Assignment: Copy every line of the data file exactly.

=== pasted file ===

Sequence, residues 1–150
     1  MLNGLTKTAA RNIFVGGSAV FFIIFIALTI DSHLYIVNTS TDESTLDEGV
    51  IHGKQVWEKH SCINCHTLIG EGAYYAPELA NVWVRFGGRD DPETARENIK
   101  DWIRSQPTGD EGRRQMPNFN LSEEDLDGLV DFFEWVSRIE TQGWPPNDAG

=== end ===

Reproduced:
Sequence, residues 1–150
     1  MLNGLTKTAA RNIFVGGSAV FFIIFIALTI DSHLYIVNTS TDESTLDEGV
    51  IHGKQVWEKH SCINCHTLIG EGAYYAPELA NVWVRFGGRD DPETARENIK
   101  DWIRSQPTGD EGRRQMPNFN LSEEDLDGLV DFFEWVSRIE TQGWPPNDAG